All the Annex 1 and most non-Annex 1 countries have established Designated National Authorities to manage their GHG portfolios under Kyoto. The US, then led by President Clinton signed the protocol. The Bush administration neither ratified nor withdrew the US from the protocol. Bush has stated he supports the Kyoto principles but said in 2001, “the Protocol was fatally flawed in fundamental ways”. He will not commit the US while China, the world’s second largest emitter of carbons, is exempted. The US does not support the split between Annex 1 countries and others. It has also suppressed expert reports on global warming including a fact sheet by a panel of seven scientists at the National Oceanic and Atmospheric Administration that found that global warming is contributing to the frequency and strength of hurricanes.
The United Nations Framework Convention on Climate Change (UNFCCC) agreed to a set of a "common but differentiated responsibilities." These were: the developed world had the largest share of global emissions, per capita emissions in developing countries are still relatively low, and the share of global emissions originating in developing countries will grow to meet their social needs. As a result, China, India, and other developing countries were exempt from the requirements of the Kyoto Protocol because they were not the main contributors to the greenhouse gas emissions during the industrialisation period that is the cause of climate change. Kyoto critics argue that these countries will soon be the top contributors to greenhouse gases and also claim that industry in developed countries will move to non-restricted countries meaning there will no net carbon reduction.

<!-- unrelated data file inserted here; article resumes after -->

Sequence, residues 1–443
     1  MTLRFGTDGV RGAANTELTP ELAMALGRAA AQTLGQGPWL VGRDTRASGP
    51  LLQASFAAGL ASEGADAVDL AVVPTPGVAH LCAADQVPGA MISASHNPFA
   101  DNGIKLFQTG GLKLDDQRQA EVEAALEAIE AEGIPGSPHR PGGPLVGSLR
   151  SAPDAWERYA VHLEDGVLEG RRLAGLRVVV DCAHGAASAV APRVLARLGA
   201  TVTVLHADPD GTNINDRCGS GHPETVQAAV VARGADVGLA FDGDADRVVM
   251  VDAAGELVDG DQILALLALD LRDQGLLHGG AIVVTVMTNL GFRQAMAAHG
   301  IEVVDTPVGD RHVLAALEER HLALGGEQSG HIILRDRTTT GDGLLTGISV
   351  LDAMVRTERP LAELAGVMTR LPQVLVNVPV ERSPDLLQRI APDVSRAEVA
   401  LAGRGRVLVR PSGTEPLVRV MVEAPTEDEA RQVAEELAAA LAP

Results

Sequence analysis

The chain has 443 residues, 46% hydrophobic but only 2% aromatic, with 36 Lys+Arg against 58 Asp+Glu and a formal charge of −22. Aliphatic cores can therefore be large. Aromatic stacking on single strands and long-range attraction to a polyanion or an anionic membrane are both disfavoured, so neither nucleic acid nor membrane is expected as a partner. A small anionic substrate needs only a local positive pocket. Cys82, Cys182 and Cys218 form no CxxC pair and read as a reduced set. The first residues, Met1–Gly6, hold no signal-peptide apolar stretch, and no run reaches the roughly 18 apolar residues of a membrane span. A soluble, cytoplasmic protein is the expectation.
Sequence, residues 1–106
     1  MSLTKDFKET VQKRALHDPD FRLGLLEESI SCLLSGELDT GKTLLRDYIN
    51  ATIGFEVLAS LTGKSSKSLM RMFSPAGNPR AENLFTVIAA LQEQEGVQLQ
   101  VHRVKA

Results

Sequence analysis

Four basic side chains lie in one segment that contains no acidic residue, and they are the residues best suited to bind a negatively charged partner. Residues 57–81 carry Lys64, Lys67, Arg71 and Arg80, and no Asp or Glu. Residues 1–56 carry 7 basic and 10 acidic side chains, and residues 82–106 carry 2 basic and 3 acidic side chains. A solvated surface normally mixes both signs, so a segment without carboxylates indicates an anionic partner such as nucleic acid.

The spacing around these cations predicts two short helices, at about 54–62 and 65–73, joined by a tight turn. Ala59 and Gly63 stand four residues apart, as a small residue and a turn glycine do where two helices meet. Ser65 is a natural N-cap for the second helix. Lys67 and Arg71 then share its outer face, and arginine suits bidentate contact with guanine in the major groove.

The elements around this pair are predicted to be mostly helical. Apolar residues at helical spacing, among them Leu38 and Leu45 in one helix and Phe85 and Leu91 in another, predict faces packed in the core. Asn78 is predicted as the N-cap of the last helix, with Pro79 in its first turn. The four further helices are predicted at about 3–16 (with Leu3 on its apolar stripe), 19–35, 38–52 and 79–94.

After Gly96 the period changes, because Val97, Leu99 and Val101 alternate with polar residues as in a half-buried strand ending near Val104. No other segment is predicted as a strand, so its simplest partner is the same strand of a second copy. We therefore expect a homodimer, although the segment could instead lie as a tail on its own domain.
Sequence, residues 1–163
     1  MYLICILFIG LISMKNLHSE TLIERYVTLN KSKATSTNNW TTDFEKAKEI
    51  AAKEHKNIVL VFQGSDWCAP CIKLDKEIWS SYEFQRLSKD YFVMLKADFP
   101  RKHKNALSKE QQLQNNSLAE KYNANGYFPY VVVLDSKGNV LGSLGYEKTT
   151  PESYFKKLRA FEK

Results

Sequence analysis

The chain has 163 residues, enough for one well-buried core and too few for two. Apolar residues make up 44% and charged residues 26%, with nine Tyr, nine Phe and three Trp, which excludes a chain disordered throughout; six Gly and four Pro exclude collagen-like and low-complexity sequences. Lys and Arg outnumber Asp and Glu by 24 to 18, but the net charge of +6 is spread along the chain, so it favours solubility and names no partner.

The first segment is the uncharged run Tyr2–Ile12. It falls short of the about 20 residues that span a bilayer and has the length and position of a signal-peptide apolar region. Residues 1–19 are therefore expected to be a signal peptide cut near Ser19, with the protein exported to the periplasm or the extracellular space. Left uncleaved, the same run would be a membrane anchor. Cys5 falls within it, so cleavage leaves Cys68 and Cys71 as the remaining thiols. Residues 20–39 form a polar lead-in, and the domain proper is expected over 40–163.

There is also controversy about using 1990 as a base year. The former Soviet Union and Eastern Europe were in a shambles at that time and there was little or no energy efficiency in their infrastructure. Therefore Russia will have little difficulty in meeting the Kyoto targets. This positive side of Kyoto - a chance to modernise industry - is a major reason why Putin signed Russia up in 2004. Defenders of the Kyoto Protocol argue that while the initial greenhouse gas cuts may have little effect, they set the political precedent for bigger and more effective cuts in the future. Six Asia Pacific nations, US, Australia, China, India, Japan and South Korea have formed the Asia-Pacific Partnership on Clean Development and Climate (AP6) which aims to co-operate on development and transfer of technology to enables reduction of greenhouse gas emissions. They have agreed a Charter, Communiqué and Work Plan that "outline a ground-breaking new model of private-public taskforces to address climate change, energy security and air pollution”. The Stern Report released this week has now given impetus to push post-Kyoto talks with Germany urged to take the lead when it begins its presidency of the EU in 2007. The Kyoto Protocol expires in 2012.